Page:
Lieutenant Colonel Tancrède Pagnuelo
206th (Canadien-Français) Battalion
I know I deserve to be punished for a breach of discipline, but all I ask from you, gentlemen, is not to be prevented from doing what I wanted to do, namely, going to the Front. If you dismiss me from the service it will be quite impossible for a commanding officer to join the ranks as a private.
(Court martial of Lt. Col. Pagnuelo, Dec 1916)
Born in 1870, Tancrède Pagnuelo was a Montreal barrister and Conservative Party activist. He had unsuccessfully contested the riding of St. James in the 1900 federal election. A reserve officer with the 85th Regiment, Pagnuelo was appointed to raise the 206th Battalion from the districts of Beauharnois, Laprairie and Terrebonne in early 1916. He would prove to be one of the more unfortunate choices.
The authorization of another French-Canadian battalion in Montreal, drew the opposition of Major Olivar Asselin of the 163rd. Asselin urged the militia minister to do something about Pagnuelo, who he regarded as lazy and corrupt. Asselin was particularly baffled by the 206th recruiting slogan, “Last to go—First to profit of the victory.”
Notorious for its lack of discipline, the 206th was to be assigned garrison duty in Bermuda. Angered that his unit was to be taken from him, Pagnuelo addressed his troops at Valcartier on 15 July 1916:
… the authorities have sacked the officers, and we are going home. They are doing this without consulting us, and I consider that it is a revenge because we are French-Canadians, and because of small errors here and there …
Now, boys, military law forbids me to speak any clearer, but if you are clever enough you will read between the lines you will know what to do. I will give you all passes to go where you like, and you may take for granted that the money subscribed to the Regimental fund will not be spent to look for you or for the purpose of chasing those who do not come back. I repeat it again, you are condemned to go to Bermuda where it is very hot. You understand, do you. I won’t say any more, do as you like and don’t be afraid.
The none-too-subtle call for mass desertion caught the attention of Major Asselin and Quebec military authorities. In December 1916, Pagnuelo was court-martialled on eleven counts of fraud and conduct unbecoming an officer and a gentleman. In addition to his speech, officials determined that he had committed perjury before a board of inquiry, stolen battalion funds, and extorted money from his men.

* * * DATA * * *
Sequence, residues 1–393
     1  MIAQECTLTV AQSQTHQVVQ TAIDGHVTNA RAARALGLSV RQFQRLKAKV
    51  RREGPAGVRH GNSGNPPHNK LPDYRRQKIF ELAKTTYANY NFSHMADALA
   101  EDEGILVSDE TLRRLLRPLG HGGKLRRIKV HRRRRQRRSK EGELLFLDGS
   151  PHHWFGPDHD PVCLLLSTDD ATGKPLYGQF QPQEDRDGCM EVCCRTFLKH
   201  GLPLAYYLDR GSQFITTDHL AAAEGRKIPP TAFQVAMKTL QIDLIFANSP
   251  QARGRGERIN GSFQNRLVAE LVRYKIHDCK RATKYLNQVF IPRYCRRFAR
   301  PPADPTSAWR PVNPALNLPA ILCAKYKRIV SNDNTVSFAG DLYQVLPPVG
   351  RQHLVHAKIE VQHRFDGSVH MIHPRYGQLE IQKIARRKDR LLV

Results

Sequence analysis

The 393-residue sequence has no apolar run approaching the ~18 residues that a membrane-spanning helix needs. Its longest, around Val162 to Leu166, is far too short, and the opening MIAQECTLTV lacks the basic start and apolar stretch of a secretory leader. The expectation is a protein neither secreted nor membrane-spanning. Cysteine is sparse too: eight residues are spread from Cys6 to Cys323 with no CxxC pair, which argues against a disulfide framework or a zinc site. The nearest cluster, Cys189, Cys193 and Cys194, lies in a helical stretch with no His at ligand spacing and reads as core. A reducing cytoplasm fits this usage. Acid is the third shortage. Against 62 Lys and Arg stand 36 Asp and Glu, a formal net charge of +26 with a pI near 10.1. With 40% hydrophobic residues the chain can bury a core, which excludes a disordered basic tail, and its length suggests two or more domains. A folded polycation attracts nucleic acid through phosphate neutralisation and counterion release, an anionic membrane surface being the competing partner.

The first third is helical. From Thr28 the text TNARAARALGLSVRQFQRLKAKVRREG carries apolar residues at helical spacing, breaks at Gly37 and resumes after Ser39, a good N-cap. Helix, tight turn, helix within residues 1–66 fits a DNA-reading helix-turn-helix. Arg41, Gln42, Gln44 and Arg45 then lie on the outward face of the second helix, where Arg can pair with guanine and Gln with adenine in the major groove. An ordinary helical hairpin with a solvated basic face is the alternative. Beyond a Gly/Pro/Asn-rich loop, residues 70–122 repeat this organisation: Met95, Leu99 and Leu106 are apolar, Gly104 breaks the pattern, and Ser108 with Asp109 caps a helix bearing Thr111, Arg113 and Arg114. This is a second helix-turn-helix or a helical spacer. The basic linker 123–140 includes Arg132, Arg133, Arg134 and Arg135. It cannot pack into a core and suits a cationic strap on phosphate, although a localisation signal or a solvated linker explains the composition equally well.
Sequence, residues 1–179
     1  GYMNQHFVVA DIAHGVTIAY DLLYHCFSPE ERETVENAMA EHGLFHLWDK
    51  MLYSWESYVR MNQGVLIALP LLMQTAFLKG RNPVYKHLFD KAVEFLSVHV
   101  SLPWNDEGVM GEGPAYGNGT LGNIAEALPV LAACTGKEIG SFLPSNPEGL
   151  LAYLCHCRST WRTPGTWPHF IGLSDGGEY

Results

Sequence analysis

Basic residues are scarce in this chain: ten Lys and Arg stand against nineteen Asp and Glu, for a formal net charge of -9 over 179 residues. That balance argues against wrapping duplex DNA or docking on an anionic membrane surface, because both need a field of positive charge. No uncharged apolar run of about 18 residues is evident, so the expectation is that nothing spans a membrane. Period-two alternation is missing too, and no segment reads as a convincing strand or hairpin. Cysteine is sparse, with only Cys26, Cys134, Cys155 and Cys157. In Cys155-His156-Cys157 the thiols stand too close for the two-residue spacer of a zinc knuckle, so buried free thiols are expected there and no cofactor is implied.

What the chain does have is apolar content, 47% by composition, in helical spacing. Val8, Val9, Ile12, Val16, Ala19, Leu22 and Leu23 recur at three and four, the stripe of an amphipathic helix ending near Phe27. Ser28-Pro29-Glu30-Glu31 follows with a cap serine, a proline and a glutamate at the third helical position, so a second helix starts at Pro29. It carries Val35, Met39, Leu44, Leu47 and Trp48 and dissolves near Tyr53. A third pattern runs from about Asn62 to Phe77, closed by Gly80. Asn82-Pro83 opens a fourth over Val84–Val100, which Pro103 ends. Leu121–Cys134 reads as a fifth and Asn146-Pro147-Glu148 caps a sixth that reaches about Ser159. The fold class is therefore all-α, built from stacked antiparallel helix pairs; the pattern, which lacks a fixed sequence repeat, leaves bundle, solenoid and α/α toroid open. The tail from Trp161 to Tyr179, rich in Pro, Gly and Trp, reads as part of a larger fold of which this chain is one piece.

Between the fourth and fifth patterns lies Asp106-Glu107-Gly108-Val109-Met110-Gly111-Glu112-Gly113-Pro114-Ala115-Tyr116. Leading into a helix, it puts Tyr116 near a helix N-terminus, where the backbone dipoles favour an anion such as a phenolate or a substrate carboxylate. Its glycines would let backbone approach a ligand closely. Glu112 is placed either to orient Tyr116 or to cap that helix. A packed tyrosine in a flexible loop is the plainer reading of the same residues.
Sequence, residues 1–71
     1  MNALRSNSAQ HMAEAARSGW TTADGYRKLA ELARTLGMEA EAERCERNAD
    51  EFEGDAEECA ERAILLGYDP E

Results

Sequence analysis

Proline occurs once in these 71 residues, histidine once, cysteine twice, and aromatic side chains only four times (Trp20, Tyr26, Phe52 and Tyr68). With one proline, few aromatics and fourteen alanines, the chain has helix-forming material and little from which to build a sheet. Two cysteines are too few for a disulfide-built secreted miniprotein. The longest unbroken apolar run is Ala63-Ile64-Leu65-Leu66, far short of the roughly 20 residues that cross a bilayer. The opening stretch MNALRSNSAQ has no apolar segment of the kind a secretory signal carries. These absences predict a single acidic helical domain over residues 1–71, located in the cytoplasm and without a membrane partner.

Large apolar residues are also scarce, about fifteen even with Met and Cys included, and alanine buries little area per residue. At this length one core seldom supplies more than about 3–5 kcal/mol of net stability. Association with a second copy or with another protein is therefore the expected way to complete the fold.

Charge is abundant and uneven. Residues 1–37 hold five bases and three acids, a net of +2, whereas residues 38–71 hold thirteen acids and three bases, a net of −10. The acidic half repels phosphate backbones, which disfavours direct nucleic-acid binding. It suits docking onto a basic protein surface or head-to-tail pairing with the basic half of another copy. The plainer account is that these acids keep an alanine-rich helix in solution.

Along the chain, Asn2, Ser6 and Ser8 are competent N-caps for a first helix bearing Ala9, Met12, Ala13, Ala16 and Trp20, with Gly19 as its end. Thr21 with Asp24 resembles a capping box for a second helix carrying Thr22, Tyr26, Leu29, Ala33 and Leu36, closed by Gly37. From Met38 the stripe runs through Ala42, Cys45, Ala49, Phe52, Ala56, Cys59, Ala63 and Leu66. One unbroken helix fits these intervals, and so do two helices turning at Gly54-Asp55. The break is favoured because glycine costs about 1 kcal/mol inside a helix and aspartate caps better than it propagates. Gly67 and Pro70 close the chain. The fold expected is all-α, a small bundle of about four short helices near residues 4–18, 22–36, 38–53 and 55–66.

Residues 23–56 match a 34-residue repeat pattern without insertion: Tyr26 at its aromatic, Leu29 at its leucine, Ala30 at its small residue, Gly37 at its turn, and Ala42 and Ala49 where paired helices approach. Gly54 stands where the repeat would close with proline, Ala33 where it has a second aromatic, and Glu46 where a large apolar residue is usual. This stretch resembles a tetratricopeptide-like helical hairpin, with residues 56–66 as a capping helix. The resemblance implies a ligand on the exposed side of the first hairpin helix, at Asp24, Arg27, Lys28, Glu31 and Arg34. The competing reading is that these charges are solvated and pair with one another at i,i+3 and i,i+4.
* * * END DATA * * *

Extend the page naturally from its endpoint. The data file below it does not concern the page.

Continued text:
Claiming to be anxious to get to France, Pagnuelo apologized for the speech and promised, “if I am permitted to go to the front and if I get as many Germans as I have got bulls-eyes at a 1000 yards in shooting matches, I will do my bit.”
On 14 December 1916, Pagnuelo was sentenced to be cashiered, stripped of his Long Service militia medal and banned for life from the King’s service. He was also sentenced to six months’ imprisonment in Bordeaux Jail.
The Justice Department released Pagnuelo after two months. The former 206th commander, however, also demanded the verdict be overturned and be reinstated in the militia. He futilely complained: “I have been wronged in respect to my civil rights … I lose all my rights as advocate … and it will be impossible for me to occupy in the future any public official position, parliamentary or otherwise.” His appeal was denied.
With the war over, in 1920, Pagnuelo tried again. He noted his past political loyalty to the Conservative Party but implied he could cause trouble for the government. “To avoid more litigation and political friction,” he humbly submitted, “I would accept, a Royal amnesty and military rank and decorations as a satisfactory compromise.” This appeal met with the same result as the first.
In September 1939, as Canada faced another world war, Pagnuelo offered to volunteer “for any military duties, even disagreeable ones, in Canada, being over-age for overseas service.” He reminded the defence department that his legal appeals remained pending but added, “this offer is made in good spirit, without any further protest to my arrest and condemnation.”
He also used the opportunity to offer advice on how recruitment in Quebec ought to proceed, writing:
I sincerely hope, the numerous military blunders made in 1914-1918, in the recruiting of the French-Canadian without taking in consideration the mentality and customs of the race, will be avoided. Personally, I am in favor of a general mobilization, with conscription decree, for Canada duties, subject to future events in Europe … knowing well the anti-conscription cry, I believe I could render valuable services.
His offer appears to have been ignored. Pagunelo died in January 1946.
Militia personnel file number: 4017-2